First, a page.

Either way I definitely think sticking with an RPG is the best idea and I'd encourage you to stick with it, of every genre I'd definitely say it'd be the most noteworthy and will gain the most attention.

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    bacon
  Fri Dec 21, 2018 2:35 am
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I’m interested in this, if anything maybe doing some of the graphics/art. I don’t have a ton of pixel experience but can hand draw a lot of things if needed or wanted. It would really depend on the limitations of the GBA

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    Xilef
  Fri Dec 21, 2018 3:20 am
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Jason wrote:
...
There's a few interesting things you've mentioned here. One system I developed for an older project was a cut-scene trigger where as you enter an area your party would already be out and having a conversation, you can choose to walk past and ignore it or you could hang around until eventually the character you're controlling gets involved and the subject of the conversation gets deeper.

I would never use that kind of system for anything more than world and character building. Delivering core story should be on the trunk. I can't imagine that system working very well on the tiny GBA screen either - would be walking under text boxes that cover quite a large area.

JRPG is what I had in mind. A main trunk of the core story and side-quests every now and then. My ideas for crazy stuff like online connectivity would be something along the lines of FF6's coliseum, so not critical but provides bonuses for those interested. Or maybe there's a special shop in towns that handles online items or donator items (Pokemon style mystery gift stuff?).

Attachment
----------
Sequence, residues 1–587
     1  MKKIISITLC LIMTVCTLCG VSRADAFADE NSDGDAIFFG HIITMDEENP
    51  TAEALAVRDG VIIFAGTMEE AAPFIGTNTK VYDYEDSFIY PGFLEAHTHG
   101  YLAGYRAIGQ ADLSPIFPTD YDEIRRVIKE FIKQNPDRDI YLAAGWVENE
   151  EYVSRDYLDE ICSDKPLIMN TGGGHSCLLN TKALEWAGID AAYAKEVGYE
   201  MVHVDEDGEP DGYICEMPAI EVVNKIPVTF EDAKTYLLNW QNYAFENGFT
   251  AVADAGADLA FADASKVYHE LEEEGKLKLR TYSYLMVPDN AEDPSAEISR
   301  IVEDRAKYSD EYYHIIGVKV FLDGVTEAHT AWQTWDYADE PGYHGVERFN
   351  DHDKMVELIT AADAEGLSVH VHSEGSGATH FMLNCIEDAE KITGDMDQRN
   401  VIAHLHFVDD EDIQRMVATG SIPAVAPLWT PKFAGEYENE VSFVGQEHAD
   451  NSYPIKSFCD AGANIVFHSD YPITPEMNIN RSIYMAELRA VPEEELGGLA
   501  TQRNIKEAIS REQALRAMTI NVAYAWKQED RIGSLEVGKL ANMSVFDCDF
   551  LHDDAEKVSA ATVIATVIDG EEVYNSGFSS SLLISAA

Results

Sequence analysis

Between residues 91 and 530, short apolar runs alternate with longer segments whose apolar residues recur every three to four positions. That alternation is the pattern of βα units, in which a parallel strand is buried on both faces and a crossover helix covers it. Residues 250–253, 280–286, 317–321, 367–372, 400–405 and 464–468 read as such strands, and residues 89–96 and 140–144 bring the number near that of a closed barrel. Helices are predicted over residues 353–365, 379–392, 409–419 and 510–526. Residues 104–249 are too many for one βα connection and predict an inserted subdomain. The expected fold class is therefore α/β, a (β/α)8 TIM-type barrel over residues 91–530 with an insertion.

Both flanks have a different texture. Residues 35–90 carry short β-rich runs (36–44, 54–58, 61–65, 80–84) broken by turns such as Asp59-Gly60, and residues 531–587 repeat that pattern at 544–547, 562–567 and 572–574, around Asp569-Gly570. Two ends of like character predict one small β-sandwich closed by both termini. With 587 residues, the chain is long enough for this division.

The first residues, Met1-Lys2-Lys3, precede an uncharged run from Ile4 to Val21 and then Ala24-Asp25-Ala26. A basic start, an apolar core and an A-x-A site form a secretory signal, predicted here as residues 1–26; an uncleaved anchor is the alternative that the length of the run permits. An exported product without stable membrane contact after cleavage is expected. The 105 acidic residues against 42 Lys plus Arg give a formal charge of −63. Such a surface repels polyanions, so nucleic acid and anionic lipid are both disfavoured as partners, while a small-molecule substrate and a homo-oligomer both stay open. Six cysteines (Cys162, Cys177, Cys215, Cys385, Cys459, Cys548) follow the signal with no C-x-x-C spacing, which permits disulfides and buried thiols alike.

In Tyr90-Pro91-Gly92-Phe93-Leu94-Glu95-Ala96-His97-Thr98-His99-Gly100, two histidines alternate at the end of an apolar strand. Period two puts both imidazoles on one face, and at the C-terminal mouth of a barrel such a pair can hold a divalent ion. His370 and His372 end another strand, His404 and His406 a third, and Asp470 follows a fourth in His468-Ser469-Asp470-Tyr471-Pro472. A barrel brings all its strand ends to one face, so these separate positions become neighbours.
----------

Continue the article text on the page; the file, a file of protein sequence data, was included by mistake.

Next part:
bacon wrote:
...
A lot can be done on the GBA in terms of images. What would happen is we'd build image tools that will sort out the details and communicate what's going on if there's a problem. Hand drawn graphics I very much imagine being needed.

Tile mode would be best for the game, would need to figure out how much detail can be compressed into tiles. The Final Fantasy Advance games have very detailed battle backgrounds. There's also character portraits and monster graphics to consider (should we have character portraits?). We'll need to investigate what is possible on the hardware.

Final Fantasy Tactics Advance gets away with nice character portraits along with dialogue boxes and rich tiled backgrounds.

If there are static full-screen images to show then there is GBA bitmap mode (you get 240x160 15bpp pixels or 240x160 8bpp palette indexes). Maybe some story elements can be shown with still images? These could be swapped to use FMV video if SD card storage + video files are available.

EDIT: FFTA's world map is a giant 240x355 pixel image, they must have done that somehow with just tile mode


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    bacon
  Fri Dec 21, 2018 4:06 am
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I really don’t know any of the technicalities, but yeah I’d be down to draw portraits and backgrounds if needed; usually I can compress my work cleanly too.

I like the idea of a jRPG personally and I’d be interested in w/e ideas tho~

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    ZenVirZan
  Fri Dec 21, 2018 11:54 am
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bacons art is fantastic, itd be sick to have you on board man

also xilef, i love it
i love all of it

im down for a jrpg and ill probably buy the collectors edition when it comes out, for whatever it is

do you have any code available for me to take a squiz at? i started a project implementing a tiled map as the map editor and im super keen to see if i can help out at all